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How to Maximize Your Retirement Portfolio with These Top-Ranked Dividend Stocks - July 20, 2020

Strange but true: seniors fear death less than running out of money in retirement.

And retirees have good reason to be worried about making their assets last. People are living longer, so that money has to cover a longer period. Making matters worse, income generated using tried - and - true retirement planning approaches may not cover expenses these days. That means seniors must dip into principal to meet living expenses.

Retirement investing approaches of the past don't work today.

In the past, investors going into retirement could invest in bonds and count on attractive yields to produce steady, reliable income streams to fund a predictable retirement. 10-year Treasury bond rates in the late 1990s hovered around 6.50%, whereas at the time of this article, the current rate is under 2% and looks to stay low thanks to an accommodative Fed.

The impact of this rate decline is sizeable: over 20 years, the difference in yield for a $1 million investment in 10-year Treasuries is more than $1 million.

Today's retirees are getting hit hard by reduced bond yields - and the Social Security picture isn't too rosy either. Right now and for the near future, Social Security benefits are still being paid, but it has been estimated that the Social Security funds will be depleted as soon as 2035.

So what's a retiree to do? You could cut your expenses to the bone, and take the risk that your Social Security checks don't shrink. Or you could find an alternative investment that provides a steady, higher-rate income stream to replace dwindling bond yields.

Invest in Dividend Stocks

Dividend-paying stocks from low-risk, high-quality companies are a smart way to generate steady and reliable attractive income streams to replace current low risk, low yielding Treasury and bond options.

For example, AT&T and Coca-Cola are income stocks with attractive dividend yields of 3% or better. Look for stocks like this that have paid steady, increasing dividends for years (or decades), and have not cut their dividends even during recessions.

One approach to recognizing appropriate stocks is to look for companies with an average dividend yield of 3% and positive average annual dividend growth. Numerous stocks hike dividends over time, counterbalancing inflation risks.

Here are three dividend-paying stocks retirees should consider for their nest egg portfolio.

Atlas (ATCO) is currently shelling out a dividend of $0.13 per share, with a dividend yield of 6.81%. This compares to the Financial - Investment Management industry's yield of 2.32% and the S&P 500's yield of 1.82%. In terms of dividend growth, the company's current annualized dividend of $0.5 is flat compared to last year.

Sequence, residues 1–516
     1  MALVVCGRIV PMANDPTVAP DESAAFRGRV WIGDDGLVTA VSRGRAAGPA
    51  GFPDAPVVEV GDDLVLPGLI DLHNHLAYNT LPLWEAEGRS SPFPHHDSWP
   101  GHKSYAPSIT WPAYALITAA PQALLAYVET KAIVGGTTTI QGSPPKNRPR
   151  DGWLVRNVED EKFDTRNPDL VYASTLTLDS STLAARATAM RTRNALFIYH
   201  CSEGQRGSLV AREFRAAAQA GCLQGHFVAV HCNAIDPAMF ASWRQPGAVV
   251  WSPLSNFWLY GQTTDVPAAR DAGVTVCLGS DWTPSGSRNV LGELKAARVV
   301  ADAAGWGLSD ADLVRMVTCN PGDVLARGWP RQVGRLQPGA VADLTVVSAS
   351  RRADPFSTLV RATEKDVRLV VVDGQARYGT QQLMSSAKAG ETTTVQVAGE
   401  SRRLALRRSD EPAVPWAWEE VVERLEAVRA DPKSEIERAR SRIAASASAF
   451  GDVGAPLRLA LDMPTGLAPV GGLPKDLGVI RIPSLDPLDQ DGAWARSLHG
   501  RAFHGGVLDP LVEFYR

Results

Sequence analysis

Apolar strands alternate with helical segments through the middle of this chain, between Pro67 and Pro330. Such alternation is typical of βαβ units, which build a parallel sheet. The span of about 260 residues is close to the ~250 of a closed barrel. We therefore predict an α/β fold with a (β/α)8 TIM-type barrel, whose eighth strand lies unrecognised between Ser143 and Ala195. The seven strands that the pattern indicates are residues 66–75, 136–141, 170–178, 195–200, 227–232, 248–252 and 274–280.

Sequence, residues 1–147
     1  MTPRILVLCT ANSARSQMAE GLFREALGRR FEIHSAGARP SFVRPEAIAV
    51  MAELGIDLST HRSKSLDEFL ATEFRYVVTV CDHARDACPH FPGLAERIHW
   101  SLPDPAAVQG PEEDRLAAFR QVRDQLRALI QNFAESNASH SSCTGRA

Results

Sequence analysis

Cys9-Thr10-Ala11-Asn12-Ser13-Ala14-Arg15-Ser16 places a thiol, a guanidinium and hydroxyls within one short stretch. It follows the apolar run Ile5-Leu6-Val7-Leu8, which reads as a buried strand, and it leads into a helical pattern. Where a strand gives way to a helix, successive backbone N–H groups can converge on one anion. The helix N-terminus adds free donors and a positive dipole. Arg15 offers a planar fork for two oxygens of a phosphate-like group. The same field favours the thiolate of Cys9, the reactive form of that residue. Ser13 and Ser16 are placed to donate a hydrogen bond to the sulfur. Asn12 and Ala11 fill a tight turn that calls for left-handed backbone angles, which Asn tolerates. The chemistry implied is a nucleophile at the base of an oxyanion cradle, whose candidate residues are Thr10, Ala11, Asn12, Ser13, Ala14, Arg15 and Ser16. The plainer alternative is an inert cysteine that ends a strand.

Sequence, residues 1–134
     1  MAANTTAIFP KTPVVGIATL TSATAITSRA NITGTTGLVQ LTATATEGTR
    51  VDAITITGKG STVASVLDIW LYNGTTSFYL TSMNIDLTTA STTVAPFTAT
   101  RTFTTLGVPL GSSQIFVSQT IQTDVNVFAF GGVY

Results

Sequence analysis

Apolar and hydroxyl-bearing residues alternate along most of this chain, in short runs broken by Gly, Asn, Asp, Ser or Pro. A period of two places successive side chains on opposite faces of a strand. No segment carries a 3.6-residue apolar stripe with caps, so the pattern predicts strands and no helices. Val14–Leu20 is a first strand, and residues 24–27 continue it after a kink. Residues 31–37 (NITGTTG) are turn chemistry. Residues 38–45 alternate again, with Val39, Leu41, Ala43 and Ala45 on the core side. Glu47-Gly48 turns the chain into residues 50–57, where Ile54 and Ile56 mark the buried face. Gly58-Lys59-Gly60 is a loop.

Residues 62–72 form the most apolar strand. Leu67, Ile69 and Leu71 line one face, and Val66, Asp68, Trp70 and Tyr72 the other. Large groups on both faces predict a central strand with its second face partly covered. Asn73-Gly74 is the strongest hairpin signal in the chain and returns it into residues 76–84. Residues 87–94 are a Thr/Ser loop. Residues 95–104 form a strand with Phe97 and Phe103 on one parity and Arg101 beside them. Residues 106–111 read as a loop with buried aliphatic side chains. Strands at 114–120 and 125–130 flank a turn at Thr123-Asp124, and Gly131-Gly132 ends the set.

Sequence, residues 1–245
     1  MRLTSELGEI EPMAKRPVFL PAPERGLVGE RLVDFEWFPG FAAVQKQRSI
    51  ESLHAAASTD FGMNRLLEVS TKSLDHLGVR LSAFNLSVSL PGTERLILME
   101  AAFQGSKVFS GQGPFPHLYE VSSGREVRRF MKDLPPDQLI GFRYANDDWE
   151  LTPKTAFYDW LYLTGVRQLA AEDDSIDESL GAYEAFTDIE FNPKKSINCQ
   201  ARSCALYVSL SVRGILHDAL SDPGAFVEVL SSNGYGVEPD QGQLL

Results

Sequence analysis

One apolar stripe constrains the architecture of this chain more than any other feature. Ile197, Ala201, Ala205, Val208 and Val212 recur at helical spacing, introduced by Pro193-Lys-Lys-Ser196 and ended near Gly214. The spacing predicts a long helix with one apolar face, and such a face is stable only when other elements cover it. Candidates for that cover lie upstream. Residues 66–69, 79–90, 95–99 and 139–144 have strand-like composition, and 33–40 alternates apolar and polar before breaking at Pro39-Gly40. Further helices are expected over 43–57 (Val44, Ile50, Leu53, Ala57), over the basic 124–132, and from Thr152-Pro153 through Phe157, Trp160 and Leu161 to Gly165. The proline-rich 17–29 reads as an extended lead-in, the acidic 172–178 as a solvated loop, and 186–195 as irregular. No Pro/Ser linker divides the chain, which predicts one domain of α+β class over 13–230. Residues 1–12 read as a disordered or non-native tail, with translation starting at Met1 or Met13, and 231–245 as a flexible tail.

Cisco Systems (CSCO) is paying out a dividend of 0.36 per share at the moment, with a dividend yield of 3.08% compared to the Computer - Networking industry's yield of 0% and the S&P 500's yield. Taking a look at the company's dividend growth, its current annualized dividend of $1.44 is up 2.86% from last year.

Currently paying a dividend of 0.5 per share, CVS Health (CVS) has a dividend yield of 3.06%. This is compared to the Retail - Pharmacies and Drug Stores industry's yield of 0% and the S&P 500's current yield. Looking at dividend growth, the company's current annualized dividend of $2 is flat compared to last year.

But aren't stocks generally more risky than bonds?

Overall, that is true. But stocks are a broad class, and you can reduce the risks significantly by selecting high-quality dividend stocks that can generate regular, predictable income and can also decrease the volatility of your portfolio compared to the overall stock market.

An upside to adding dividend stocks to your retirement portfolio: they can help lessen the effects of inflation, since many dividend-paying companies (especially blue chip stocks) generally increase their dividends over time.

Thinking about dividend-focused mutual funds or ETFs? Watch out for fees.

If you're thinking, "I want to invest in a dividend-focused ETF or mutual fund," make sure to do your homework. It's important to know that some mutual funds and specialized ETFs charge high fees, which may diminish your dividend gains or income and thwart the overall objective of this investment strategy. If you do want to invest in fund, research well to identify the best-quality dividend funds with the least charges.

Bottom Line

Seeking steady, consistent income through dividends can be a smart option for financial security in retirement, whether you invest in mutual funds, ETFs, or in dividend-paying stocks.

Generating income is just one aspect of planning for a comfortable retirement.

To learn more ways to maximize your assets - and avoid pitfalls that could jeopardize your financial security - download our free report:

Will You Retire a Multi-Millionaire? 7 Things You Can Do Now


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Seaspan Corporation (ATCO): Free Stock Analysis Report

Cisco Systems, Inc. (CSCO): Free Stock Analysis Report

CVS Health Corporation (CVS): Free Stock Analysis Report

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The views and opinions expressed herein are the views and opinions of the author and do not necessarily reflect those of Nasdaq, Inc.

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